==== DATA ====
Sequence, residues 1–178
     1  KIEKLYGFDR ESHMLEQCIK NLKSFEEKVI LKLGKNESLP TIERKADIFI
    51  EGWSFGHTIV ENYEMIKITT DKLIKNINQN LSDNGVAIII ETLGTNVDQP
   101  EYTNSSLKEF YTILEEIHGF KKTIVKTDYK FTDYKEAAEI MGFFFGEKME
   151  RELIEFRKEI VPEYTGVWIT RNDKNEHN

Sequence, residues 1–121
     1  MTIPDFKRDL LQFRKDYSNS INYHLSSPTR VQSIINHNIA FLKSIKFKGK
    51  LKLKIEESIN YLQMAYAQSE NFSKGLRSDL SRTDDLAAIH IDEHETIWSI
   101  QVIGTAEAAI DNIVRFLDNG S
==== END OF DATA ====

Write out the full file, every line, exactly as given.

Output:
Sequence, residues 1–178
     1  KIEKLYGFDR ESHMLEQCIK NLKSFEEKVI LKLGKNESLP TIERKADIFI
    51  EGWSFGHTIV ENYEMIKITT DKLIKNINQN LSDNGVAIII ETLGTNVDQP
   101  EYTNSSLKEF YTILEEIHGF KKTIVKTDYK FTDYKEAAEI MGFFFGEKME
   151  RELIEFRKEI VPEYTGVWIT RNDKNEHN

Sequence, residues 1–121
     1  MTIPDFKRDL LQFRKDYSNS INYHLSSPTR VQSIINHNIA FLKSIKFKGK
    51  LKLKIEESIN YLQMAYAQSE NFSKGLRSDL SRTDDLAAIH IDEHETIWSI
   101  QVIGTAEAAI DNIVRFLDNG S